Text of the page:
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Can Something Truly be Mouthwatering?

It’s easy to forget that, at the end of the day, we are animals. We surround ourselves with high concepts and tremendous technology—to a point that we so often overlook our more instinctive ways. Well, in a weird kind of way, food and drink seem to bridge the gap between our most basic selves and our most evolved selves.

Just take salivating, something associated with a hungry tiger or infant child unable to exercise any control. It’s the stuff of cartoons and always-hungry characters like Wile E. Coyote. But there’s actually some pretty interesting science to it all.

It’s estimated that a typical human produces one-and-a-half liters of saliva a day. That’s more than 50 ounces, or, if you think in terms of beverages, three full pints of beer. That seems like a lot, but you’re not using it all at once. And the purpose is pretty clear: We need the added liquid to help break down all the things we consume. Saliva is tailor-made for the task, set up with special enzymes that help break down whatever it is we’re eating.

A close-up of a steak on a dinner table.
Image used with permission by copyright holder

The advent of food porn suggests mouthwatering is real, if only mentally. If Homer Simpson has taught us anything, it’s that a donut or other piece of appetizing food will make us drool. In actuality, it’s more about being stimulated by food in general. That saliva is already there at the ready to help us chew, swallow, etc. But the presence of food—an aroma of broth, a whiff of deep-fried anything—can get our glands going. Something less tangible, like pretty much everything Bon Appétit has created visually in its magazine, may make us hungry, but it probably won’t make our mouths water. Or can it?

Bennett Barch is an otolaryngologist based in the Pacific Northwest. If you don’t recognize the title, it essentially means ears, nose, and throat doctor. With the onset of COVID, Dr. Barch has been especially busy lately as the virus has been known to attack our senses. He reminds us that smell is a key aspect of taste. We actually only taste salty, sweet, sour, bitter, and umami,” he says.  “While in contrast, there are hundreds of unique smell receptors. Saliva helps facilitate taste on our tongue primarily through the moisture it provides to food.”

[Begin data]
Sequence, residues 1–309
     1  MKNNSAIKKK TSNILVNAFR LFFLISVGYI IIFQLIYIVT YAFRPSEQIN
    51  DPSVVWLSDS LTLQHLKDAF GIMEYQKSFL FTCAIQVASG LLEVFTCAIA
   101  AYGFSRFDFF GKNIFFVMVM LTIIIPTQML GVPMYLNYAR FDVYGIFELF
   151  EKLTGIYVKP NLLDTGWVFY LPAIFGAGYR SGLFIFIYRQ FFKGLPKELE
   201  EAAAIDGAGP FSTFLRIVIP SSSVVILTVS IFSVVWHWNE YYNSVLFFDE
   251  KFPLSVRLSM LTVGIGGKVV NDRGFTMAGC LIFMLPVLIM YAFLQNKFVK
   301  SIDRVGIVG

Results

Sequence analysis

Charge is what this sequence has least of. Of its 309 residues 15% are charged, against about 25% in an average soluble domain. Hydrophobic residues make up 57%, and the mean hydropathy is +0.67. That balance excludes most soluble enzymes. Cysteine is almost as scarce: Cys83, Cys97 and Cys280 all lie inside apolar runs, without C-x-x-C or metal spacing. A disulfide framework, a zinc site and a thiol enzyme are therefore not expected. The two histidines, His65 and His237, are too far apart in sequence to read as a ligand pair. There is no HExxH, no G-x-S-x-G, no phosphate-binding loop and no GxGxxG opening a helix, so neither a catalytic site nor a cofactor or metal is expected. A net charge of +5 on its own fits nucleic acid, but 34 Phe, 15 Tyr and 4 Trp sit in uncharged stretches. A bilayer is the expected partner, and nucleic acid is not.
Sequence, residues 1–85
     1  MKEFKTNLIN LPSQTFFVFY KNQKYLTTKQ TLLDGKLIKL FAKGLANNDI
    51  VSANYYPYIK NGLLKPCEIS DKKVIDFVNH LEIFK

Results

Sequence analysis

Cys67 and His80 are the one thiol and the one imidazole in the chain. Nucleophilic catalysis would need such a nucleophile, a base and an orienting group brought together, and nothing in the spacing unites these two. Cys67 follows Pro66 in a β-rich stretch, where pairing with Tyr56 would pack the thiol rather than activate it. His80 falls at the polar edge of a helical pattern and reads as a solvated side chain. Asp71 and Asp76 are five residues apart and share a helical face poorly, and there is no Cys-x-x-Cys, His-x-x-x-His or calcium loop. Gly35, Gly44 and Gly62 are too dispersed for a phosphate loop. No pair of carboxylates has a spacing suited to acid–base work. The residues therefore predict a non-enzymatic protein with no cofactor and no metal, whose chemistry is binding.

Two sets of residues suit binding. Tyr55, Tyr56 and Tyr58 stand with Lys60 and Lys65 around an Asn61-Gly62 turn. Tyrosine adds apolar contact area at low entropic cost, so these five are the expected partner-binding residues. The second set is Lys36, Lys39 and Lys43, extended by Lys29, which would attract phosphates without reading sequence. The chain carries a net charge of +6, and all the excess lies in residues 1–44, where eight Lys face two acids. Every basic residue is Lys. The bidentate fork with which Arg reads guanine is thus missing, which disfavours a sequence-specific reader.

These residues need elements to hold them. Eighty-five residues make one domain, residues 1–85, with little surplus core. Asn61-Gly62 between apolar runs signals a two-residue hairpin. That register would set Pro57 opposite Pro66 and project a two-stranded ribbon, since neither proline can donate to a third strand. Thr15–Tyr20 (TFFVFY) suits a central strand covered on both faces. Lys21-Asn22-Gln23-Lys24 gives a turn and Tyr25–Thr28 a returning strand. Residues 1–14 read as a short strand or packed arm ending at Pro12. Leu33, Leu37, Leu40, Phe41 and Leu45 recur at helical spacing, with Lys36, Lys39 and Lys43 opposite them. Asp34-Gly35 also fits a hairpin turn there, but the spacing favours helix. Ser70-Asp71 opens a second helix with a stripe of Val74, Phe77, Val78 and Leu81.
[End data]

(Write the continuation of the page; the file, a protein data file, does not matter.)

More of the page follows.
Barch says saliva is primarily water, but there are some other important things mixed in. “It also contains salts and organic compounds such as enzymes,” he says. “Amylase and Ptyalin are enzymes that help in the breakdown of sugars. Saliva also provides moisturization and lubrication to help the food go down.”

Interestingly, as Barch notes, it’s the parasympathetic nervous system that inspired saliva creation. This is also known as the rest and digestive side of our wiring. The fight or flight side, also known as the sympathetic nervous system, actually decreases saliva production. Turns out saliva is called upon for one kind of survival (eating) and turned away for another. And speaking of production, it’s all about those salivary glands, which are all around your mouth.

“The two largest parotid glands are located on the sides of the face,” Barch says. “Two smaller submandibular glands are located under the jawline. Even smaller of the sublingual glands located under the tongue and in fact the entire mouth is lined with minor salivary glands as well.”

It’s no wonder you’re turning out so much saliva every day. But in truth, it’s tied more directly to food and instinctive hunger than any specific item. Barch offers a simple prompt to witness nature at work: Imagine something sour. For some, just the thought will activate saliva production (although try the lemon test, just for fun). It may take a more vivid imagination to create additional saliva without something sour actually present, but it can happen.

So food can activate a mouth-watering sensation, especially when it’s there and about to be eaten. But even thoughts of such a thing, for some, will prompt more saliva. We won’t blame you if the photo of the steak above wets the mouth a bit. But it’s likely more probable that the fragrance of such a thing (again, such a key factor in taste) will do that. Regardless, you now have the best excuse to drool ever and it’s called science.

Mouthwatering is more than a term we like to attach to the foods we like. It’s a fascinating phenomenon that keeps us putting fuel in the tank, properly and efficiently.

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Mark Stock
Mark Stock is a writer from Portland, Oregon. He fell into wine during the Recession and has been fixated on the stuff since…
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